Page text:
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Book Chapter

Cenozoic Stratigraphy of the Transverse Ranges and Adjacent Areas, Southern California

By
Michael O. Woodburne
Michael O. Woodburne
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Published:
January 01, 1975

Sedimentary basins within the Transverse Ranges and adjacent areas of Southern California are truncated by several branches of the San Andreas fault system. Comparison of basement and sedimentary successions of the Lockwood Valley-Cuyama Valley area with those of the Soledad Basin and western San Gabriel Mountains indicates that these districts have been separated by right-lateral slip on the San Gabriel and Sierra Madre faults. Right-lateral slip on the San Gabriel fault system may have been accomplished in two phases: (1) an interval of relatively rapid slip to account for 20 to 30 km of offset beginning in late Barstovian or early Clarendonian time and (2) a second interval to account for 18 to 28 km of offset after Clarendonian time. For the second interval, it is not possible to determine whether most of the offset occurred gradually throughout Hemphillian time or took place during some part of it. There may have been as much as 9 km of post-Hemphillian slip on the San Gabriel fault system. This post-Hemphillian interval, about the last 4 to 5 m.y., corresponds to the opening of the Gulf of California, so that it appears that most of the 48 km of right-lateral slip on the San Gabriel fault system had been accomplished prior to then. Post-Hemphillian slip on the San Gabriel and Sierra Madre faults appears to have been distinctly less than for other elements of the San Andreas fault system.

None of the branches of the San Andreas fault zone east of the San Gabriel fault appears to have undergone more than about 20 to 30 km of right-lateral slip during or after Hemphillian time, or during the past 10 m.y. or less. Even including 24 km of right-lateral slip on the San Jacinto fault zone, the aggregate slip on the San Andreas fault system during this time appears to be on the order of only 60 km, substantially less than required to compensate for the 250 km involved in the opening of the Gulf of California during the past 5 m.y.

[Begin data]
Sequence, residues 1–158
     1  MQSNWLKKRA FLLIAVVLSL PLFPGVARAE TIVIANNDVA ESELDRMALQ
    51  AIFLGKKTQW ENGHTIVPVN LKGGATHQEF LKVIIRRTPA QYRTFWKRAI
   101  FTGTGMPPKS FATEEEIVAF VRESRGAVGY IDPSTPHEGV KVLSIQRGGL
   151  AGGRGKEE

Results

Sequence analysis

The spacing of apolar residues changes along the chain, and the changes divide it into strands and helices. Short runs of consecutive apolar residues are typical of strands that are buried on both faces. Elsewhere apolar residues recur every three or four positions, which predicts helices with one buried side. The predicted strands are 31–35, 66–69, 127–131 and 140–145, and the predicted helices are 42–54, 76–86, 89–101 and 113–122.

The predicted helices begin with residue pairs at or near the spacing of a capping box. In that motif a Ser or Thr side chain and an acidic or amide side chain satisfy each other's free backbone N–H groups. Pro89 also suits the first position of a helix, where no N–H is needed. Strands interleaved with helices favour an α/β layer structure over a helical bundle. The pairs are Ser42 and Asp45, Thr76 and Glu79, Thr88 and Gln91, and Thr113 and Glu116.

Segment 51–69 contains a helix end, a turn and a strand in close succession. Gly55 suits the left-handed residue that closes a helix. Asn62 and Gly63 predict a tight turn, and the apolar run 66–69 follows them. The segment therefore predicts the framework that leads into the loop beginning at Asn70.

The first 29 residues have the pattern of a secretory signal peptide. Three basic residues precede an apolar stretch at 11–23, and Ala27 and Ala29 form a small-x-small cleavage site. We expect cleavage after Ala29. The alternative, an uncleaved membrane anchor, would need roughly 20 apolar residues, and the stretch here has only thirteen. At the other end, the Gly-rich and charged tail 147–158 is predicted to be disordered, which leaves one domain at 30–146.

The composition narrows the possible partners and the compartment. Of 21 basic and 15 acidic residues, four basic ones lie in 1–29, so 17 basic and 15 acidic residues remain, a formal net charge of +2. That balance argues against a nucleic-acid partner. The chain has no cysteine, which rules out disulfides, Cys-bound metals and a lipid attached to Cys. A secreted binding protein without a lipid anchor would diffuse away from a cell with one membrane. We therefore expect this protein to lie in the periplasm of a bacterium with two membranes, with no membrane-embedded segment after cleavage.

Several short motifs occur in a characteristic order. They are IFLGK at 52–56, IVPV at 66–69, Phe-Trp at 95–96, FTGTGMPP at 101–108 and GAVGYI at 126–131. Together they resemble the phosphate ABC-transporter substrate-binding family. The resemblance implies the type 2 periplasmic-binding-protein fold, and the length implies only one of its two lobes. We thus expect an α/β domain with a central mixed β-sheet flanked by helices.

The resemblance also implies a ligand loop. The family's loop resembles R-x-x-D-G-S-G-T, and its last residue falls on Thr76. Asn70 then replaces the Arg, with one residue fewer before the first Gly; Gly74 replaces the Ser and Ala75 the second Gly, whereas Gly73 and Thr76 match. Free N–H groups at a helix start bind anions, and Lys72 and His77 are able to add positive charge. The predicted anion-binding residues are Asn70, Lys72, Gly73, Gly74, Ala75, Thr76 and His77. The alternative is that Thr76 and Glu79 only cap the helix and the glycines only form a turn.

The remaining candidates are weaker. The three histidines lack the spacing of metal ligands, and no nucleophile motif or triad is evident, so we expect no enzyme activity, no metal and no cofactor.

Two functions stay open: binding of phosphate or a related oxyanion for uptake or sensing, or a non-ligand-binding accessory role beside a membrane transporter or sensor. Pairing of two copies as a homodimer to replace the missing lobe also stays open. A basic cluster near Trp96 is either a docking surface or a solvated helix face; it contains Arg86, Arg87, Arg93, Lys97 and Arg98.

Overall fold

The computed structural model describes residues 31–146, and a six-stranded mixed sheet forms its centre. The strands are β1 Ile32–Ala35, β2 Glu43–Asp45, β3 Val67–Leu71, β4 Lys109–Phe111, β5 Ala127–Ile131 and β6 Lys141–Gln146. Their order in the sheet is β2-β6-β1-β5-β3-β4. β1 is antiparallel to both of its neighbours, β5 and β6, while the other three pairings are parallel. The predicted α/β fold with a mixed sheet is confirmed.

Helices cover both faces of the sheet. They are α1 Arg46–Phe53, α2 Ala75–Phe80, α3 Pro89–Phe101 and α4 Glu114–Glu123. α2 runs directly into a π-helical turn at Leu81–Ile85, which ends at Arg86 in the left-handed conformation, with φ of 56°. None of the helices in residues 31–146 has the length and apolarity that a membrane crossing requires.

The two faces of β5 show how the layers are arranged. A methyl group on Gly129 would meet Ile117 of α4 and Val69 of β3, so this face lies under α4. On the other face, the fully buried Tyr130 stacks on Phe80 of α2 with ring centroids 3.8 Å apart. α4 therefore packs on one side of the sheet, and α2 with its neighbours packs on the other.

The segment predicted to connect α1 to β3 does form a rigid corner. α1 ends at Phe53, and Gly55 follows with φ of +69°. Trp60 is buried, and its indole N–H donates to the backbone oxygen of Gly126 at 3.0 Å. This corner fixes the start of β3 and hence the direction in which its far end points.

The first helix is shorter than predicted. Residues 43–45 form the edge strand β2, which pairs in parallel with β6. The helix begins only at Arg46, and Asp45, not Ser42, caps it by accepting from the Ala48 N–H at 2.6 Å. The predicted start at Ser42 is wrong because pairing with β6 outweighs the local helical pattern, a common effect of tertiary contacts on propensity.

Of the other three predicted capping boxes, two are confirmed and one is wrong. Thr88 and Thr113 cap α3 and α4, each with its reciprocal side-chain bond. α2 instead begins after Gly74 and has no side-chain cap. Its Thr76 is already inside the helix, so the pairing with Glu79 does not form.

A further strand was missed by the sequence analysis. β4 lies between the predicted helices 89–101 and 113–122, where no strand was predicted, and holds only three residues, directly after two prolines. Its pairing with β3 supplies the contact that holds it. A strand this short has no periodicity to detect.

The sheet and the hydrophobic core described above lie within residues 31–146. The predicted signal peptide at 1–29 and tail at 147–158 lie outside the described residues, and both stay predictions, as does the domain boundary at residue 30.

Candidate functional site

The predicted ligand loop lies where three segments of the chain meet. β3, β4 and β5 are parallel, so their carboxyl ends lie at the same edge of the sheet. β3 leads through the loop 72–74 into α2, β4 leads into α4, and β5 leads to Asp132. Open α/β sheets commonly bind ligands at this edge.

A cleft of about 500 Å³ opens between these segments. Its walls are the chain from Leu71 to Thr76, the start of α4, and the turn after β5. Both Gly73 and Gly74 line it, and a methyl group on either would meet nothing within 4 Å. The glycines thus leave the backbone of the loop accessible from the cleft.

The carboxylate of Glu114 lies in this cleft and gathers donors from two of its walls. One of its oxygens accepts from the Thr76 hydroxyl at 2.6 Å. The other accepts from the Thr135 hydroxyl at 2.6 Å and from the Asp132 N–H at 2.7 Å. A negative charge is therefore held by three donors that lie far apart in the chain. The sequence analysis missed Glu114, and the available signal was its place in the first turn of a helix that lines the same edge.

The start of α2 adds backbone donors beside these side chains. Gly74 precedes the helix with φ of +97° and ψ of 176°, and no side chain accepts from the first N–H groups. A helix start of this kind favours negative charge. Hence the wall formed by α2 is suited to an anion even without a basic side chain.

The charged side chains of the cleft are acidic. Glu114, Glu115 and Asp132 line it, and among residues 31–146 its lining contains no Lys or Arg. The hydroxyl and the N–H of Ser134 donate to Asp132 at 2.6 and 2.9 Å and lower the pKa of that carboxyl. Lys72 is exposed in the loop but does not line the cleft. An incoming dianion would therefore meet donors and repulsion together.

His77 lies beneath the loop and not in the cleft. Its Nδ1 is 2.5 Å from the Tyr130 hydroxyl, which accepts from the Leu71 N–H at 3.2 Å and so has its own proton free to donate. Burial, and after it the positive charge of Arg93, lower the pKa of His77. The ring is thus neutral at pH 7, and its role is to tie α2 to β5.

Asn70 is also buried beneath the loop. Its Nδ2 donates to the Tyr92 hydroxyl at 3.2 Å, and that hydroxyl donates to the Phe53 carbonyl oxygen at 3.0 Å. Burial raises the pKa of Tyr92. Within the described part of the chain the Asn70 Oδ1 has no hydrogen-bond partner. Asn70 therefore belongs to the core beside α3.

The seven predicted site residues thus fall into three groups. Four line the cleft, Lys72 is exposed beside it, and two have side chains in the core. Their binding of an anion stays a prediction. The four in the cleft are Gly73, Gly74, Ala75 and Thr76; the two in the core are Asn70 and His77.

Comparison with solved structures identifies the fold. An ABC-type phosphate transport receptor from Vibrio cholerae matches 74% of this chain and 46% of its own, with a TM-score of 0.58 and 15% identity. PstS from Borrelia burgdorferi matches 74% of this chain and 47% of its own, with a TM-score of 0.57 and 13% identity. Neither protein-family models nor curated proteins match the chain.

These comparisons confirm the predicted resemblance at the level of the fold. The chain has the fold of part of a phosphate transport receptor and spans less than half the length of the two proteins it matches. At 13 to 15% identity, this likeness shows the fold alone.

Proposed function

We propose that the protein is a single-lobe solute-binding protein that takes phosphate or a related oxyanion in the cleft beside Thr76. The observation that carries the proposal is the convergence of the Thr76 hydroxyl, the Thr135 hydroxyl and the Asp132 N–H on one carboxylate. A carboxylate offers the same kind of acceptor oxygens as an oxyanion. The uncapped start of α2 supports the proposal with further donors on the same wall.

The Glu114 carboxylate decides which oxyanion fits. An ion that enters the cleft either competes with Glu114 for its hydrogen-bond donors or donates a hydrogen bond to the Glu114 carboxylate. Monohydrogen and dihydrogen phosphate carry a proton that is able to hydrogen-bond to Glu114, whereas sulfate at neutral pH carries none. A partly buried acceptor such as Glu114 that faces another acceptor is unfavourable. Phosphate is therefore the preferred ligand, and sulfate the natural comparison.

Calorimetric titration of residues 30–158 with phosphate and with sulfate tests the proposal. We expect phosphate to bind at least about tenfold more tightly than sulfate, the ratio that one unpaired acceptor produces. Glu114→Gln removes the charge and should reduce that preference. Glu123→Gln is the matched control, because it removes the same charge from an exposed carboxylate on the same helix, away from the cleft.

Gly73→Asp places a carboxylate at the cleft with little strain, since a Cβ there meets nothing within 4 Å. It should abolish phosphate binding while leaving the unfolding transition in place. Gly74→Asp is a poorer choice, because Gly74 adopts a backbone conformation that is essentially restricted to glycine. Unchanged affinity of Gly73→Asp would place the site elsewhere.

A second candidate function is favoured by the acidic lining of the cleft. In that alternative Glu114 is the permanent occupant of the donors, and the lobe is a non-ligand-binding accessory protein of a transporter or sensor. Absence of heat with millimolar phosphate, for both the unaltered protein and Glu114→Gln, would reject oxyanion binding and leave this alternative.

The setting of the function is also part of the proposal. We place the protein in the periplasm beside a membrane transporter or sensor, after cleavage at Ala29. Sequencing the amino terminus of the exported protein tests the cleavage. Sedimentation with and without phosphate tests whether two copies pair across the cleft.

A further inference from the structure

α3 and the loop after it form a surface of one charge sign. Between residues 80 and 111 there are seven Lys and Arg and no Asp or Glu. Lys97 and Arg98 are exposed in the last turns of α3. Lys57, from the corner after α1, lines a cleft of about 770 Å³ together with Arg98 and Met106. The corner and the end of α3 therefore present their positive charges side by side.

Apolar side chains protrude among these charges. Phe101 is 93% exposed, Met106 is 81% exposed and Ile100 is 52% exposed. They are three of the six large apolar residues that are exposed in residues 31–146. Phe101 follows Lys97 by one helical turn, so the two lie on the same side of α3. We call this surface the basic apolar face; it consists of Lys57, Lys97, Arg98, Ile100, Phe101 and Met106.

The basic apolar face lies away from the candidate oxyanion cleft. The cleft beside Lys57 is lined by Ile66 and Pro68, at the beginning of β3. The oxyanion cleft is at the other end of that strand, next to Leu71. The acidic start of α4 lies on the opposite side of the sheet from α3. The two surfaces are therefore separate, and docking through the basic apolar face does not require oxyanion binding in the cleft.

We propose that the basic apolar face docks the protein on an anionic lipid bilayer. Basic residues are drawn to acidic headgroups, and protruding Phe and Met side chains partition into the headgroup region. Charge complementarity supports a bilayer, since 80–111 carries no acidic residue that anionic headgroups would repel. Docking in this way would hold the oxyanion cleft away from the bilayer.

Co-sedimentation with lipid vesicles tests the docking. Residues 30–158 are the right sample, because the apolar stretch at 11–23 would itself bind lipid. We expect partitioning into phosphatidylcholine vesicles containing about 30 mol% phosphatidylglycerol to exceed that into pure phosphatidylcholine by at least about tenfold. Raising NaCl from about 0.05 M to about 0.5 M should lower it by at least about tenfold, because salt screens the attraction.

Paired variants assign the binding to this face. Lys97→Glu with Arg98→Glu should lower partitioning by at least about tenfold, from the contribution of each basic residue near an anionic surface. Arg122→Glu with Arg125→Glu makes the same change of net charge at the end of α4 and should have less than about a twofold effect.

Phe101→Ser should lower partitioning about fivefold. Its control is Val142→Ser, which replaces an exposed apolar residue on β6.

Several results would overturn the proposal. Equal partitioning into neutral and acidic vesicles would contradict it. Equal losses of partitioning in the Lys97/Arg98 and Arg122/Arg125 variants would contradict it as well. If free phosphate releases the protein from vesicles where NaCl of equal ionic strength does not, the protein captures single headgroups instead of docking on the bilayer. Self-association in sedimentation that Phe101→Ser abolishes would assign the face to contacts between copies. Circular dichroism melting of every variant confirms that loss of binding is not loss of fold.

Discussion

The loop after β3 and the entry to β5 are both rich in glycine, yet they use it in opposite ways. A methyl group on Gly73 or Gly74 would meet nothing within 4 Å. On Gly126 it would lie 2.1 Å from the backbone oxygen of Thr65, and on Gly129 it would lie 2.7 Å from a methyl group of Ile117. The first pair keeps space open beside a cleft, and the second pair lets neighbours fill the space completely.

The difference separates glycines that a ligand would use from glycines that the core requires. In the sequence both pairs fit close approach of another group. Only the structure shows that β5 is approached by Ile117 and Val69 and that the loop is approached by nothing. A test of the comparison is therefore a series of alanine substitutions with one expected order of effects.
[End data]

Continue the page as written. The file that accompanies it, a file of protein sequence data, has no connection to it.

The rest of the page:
If the Pinto Mountain fault is the eastern equivalent of the Malibu Coast–Cucamonga fault zone, essentially no right-lateral slip occurred on the San Gabriel fault from the Saucesian through the Luisian interval; east of the San Gabriel fault, essentially no slip occurred on the San Andreas fault from Saucesian through Mohnian time. This reconstruction is compatible with the range of slip on the San Andreas system proposed by Baird and others (1974). It also suggests that about 20 km of post-Eocene(?) slip occurred on the Punchbowl-Nadeau fault prior to Zemorrian time.

If the Pinto Mountain fault is not the eastern equivalent of the Malibu Coast–Cucamonga fault zone, and if the only slightly offset pre-Tertiary basement structures cited by Baird and others (1974) are merely fortuitous, there may have been more extensive pre-Hemphillian slip on the San Andreas system, as envisioned by Ehlig and Ehlert (1972) and Crowell and Walker (1962). This slip would be comparable in magnitude but not in timing with the 250-km slip associated with the opening of the Gulf of California.

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GSA Special Papers

Cenozoic Stratigraphy of the Transverse Ranges and Adjacent Areas, Southern California

Michael O. Woodburne
Michael O. Woodburne
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Geological Society of America
Volume
162
ISBN print:
9780813721620
Publication date:
January 01, 1975

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